CoreLogic – credit characteristics of renters
Mortgage lenders have known for a long time that debt-to-income (DTI) and credit history (based on credit bureau data), among other factors, are critical for sound underwriting and managing credit risk on a mortgage portfolio. Similar analysis can be used to evaluate a prospective tenant’s likelihood of making the rent payments agreed to in the lease or the share of a building’s rent roll that may go delinquent. This has become increasingly important for rental management companies as the renter share of households has risen to its highest in 50 years. The CoreLogic Rental Property Solutions platform evaluates the credit risk of rental applicants. Information from this platform can be used to examine trends in renter credit quality over time. A higher rent-to-income ratio is generally associated with increased credit risk, as renters devote a higher percentage of their income to paying rent. The rent-to-income ratio has trended upward between 2009 and 2017, as the increase in rents has outpaced income growth. At the national level, it has increased from 25.4% in the second quarter of 2009 to 28.1% in the second quarter of 2017, a 10.6% increase over an eight-year period.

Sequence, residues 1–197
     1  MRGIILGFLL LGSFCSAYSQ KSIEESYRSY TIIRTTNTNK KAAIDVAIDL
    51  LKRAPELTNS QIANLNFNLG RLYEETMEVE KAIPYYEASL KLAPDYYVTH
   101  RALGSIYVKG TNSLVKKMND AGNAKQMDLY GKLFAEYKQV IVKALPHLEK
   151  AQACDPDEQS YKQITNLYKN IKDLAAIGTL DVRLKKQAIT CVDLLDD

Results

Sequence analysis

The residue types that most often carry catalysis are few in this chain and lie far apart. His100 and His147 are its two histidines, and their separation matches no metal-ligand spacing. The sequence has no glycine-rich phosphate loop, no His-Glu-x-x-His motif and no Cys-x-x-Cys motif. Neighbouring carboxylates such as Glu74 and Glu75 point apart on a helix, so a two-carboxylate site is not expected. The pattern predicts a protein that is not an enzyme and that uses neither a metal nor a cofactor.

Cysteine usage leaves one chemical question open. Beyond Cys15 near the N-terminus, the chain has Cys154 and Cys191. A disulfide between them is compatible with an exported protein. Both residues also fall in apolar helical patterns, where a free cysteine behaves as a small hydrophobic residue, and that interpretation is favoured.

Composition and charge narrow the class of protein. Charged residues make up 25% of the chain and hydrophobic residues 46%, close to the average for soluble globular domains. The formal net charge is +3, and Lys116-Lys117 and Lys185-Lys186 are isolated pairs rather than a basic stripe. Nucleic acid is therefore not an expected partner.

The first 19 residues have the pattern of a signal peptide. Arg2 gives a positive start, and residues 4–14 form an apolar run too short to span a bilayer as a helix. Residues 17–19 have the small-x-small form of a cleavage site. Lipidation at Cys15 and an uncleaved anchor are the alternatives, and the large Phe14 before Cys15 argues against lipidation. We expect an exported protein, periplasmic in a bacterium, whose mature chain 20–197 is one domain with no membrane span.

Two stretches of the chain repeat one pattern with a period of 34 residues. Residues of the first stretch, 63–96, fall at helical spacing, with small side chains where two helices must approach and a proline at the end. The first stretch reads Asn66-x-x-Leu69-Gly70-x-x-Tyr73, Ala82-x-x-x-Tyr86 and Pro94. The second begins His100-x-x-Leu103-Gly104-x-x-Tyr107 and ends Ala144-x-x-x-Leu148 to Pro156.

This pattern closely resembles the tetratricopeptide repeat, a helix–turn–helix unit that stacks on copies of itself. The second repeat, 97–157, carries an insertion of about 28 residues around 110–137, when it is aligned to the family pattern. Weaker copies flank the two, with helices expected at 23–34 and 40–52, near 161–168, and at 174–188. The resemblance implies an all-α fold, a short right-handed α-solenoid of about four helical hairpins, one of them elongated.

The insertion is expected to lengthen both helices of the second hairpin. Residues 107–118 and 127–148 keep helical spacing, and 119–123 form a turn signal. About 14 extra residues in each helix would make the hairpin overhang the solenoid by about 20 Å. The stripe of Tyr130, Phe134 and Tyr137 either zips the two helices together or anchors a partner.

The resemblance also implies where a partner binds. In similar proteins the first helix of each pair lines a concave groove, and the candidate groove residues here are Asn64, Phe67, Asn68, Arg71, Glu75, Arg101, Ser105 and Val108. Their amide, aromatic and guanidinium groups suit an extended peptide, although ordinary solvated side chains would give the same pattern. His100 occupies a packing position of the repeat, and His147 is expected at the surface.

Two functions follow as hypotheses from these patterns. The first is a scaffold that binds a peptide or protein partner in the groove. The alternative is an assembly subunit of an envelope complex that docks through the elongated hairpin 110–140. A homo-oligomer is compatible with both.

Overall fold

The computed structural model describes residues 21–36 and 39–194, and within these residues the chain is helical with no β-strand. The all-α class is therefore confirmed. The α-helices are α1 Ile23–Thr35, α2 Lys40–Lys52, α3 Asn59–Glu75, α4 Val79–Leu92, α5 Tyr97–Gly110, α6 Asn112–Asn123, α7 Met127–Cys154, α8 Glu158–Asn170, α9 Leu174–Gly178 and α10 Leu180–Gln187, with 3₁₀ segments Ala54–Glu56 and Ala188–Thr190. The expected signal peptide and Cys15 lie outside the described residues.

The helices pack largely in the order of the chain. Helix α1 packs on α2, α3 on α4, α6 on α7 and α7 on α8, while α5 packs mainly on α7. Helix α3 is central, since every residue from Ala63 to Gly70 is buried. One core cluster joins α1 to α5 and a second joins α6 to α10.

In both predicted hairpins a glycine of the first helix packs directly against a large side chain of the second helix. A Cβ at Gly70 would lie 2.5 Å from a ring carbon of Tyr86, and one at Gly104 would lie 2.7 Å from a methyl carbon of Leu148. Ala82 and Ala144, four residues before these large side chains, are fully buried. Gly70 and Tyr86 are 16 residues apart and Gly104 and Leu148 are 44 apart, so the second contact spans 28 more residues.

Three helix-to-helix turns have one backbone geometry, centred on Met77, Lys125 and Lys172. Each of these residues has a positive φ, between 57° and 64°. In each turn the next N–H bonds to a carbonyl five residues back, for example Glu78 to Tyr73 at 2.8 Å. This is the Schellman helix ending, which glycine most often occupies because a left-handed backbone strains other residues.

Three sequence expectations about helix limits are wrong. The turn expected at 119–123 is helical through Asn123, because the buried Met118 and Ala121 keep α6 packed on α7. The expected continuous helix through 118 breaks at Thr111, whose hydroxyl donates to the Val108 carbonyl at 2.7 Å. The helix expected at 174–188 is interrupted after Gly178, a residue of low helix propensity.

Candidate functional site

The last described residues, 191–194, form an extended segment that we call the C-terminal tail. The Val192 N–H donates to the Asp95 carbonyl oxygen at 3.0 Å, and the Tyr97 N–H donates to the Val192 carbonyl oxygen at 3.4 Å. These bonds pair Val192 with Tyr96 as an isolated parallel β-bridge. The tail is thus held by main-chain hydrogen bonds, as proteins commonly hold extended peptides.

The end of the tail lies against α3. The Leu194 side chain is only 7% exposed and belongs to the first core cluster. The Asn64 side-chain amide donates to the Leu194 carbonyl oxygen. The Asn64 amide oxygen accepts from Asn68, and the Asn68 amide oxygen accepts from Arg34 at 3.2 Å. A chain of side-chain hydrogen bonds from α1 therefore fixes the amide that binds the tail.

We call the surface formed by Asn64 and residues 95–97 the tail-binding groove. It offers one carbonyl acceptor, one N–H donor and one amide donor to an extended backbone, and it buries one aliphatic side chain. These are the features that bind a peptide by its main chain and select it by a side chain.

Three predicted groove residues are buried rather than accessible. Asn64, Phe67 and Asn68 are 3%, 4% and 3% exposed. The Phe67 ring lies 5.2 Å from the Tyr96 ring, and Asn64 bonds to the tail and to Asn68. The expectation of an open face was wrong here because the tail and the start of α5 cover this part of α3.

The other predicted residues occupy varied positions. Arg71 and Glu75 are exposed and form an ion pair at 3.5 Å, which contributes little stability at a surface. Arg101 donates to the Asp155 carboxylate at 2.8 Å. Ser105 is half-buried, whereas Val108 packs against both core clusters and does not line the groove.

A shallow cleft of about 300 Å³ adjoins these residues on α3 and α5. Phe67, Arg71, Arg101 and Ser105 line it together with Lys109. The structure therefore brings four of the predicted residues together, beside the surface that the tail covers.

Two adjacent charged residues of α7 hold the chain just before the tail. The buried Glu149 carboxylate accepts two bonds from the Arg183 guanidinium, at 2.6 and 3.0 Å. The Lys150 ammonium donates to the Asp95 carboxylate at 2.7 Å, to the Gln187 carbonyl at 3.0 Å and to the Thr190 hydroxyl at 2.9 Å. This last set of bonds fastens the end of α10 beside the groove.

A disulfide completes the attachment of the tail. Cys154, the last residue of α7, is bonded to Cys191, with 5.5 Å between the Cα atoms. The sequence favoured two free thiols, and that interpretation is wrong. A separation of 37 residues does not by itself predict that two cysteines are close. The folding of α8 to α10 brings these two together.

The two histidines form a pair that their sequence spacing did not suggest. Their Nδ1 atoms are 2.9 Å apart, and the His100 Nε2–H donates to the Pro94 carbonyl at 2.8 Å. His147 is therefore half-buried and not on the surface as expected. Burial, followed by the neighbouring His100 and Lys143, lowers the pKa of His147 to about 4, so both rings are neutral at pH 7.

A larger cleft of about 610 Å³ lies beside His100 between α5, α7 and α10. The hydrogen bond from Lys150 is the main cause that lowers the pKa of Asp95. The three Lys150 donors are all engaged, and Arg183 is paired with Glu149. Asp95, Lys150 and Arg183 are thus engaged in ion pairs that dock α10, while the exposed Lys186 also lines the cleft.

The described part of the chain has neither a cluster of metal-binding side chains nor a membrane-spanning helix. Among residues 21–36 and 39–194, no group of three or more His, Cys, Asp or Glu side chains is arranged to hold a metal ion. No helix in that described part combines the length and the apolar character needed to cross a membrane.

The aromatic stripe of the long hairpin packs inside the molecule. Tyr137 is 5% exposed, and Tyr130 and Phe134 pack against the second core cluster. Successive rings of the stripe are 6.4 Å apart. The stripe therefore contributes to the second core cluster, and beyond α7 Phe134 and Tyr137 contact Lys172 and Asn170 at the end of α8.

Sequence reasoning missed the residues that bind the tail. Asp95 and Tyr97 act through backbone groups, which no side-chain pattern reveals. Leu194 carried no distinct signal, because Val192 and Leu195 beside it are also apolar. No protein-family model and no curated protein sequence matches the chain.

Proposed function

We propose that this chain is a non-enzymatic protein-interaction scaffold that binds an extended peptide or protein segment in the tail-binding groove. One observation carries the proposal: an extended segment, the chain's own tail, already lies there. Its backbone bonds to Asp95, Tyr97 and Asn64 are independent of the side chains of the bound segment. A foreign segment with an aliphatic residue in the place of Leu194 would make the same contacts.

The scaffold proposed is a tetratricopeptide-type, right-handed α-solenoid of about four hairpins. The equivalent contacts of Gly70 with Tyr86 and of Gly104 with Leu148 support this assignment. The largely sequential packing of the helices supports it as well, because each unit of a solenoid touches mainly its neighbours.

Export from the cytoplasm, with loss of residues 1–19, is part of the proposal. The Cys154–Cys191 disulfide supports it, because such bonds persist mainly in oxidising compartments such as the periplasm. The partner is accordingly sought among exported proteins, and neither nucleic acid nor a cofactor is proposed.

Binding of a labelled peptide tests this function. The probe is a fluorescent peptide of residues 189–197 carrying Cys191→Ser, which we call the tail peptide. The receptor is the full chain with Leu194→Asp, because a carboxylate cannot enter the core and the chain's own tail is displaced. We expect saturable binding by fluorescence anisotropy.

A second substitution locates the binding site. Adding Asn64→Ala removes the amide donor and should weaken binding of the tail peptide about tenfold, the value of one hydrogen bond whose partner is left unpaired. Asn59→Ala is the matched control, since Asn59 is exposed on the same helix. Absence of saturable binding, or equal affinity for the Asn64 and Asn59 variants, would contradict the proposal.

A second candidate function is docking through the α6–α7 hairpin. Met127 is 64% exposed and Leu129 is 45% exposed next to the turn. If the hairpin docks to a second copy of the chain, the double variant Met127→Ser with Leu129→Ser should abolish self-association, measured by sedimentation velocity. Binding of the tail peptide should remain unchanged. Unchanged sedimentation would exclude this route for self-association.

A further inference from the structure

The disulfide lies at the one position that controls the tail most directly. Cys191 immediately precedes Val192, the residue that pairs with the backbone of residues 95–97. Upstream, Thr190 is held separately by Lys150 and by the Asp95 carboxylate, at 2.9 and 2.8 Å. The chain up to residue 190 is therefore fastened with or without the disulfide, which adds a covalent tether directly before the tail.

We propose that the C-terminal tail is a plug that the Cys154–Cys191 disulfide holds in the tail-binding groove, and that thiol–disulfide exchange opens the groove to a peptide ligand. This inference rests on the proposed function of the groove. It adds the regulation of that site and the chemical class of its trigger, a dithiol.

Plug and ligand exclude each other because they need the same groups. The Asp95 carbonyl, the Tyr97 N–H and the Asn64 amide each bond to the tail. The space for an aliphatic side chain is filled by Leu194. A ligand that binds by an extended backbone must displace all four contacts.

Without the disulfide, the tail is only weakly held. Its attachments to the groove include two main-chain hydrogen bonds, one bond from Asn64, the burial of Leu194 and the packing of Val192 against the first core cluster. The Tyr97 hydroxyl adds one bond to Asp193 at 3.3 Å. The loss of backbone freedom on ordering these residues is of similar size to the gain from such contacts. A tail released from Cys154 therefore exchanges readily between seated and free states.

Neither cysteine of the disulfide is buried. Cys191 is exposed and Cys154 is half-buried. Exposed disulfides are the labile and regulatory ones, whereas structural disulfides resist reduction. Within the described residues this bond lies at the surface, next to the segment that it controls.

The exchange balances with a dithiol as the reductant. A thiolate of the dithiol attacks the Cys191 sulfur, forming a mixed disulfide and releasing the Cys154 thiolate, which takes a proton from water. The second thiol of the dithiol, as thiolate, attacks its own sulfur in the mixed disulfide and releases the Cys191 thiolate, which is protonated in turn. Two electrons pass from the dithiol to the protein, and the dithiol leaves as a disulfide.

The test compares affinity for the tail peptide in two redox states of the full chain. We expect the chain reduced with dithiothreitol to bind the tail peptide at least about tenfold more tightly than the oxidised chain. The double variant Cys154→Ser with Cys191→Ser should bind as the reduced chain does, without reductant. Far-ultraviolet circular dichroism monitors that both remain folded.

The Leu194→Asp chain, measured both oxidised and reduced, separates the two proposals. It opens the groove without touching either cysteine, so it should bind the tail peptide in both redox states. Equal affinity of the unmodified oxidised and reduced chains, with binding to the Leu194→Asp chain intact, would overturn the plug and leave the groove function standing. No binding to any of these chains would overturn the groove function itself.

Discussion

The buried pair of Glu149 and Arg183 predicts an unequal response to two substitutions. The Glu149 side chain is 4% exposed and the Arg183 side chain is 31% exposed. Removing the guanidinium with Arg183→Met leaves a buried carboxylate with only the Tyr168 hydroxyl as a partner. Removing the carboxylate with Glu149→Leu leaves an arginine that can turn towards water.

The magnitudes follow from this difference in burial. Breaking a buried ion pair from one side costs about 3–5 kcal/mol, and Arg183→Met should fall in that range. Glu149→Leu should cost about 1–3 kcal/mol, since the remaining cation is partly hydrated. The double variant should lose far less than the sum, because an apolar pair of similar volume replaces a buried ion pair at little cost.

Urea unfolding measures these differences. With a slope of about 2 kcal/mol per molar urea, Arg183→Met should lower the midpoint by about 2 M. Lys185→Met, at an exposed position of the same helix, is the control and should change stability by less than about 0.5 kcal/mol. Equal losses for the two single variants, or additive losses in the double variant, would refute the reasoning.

Rent to income is one factor affecting renter payment risk. Additional sources of information, such as credit bureau data, public records, and other information in the renter application, can also provide insight into renter performance risk. The CoreLogic ScorePLUS model is a statistical model that brings together multiple sources of information to predict renter applicant’s risk of lease default. Information related to credit bureau history, subprime loan history, eviction and rental collection history, as well as the renter’s application information all factor in to the SafeRent Score risk score. Similar to a FICO score, a higher SafeRent Score is associated with lower risk. Two trends stand out in the average renter risk scores. First, the scores exhibit a seasonal trend. The seasonal trend is supported by seasonal trends in credit bureau characteristics of rent applicants. Second, the average score has been improving (renter applicant risk has been declining) since 2010. This is consistent with the general improvement of credit performance as borrowers continue to recover from the 2008-2009 recession. The improvement in applicants’ credit characteristics has more than offset the upward trend in rent to income, resulting in an improving rental risk score over time.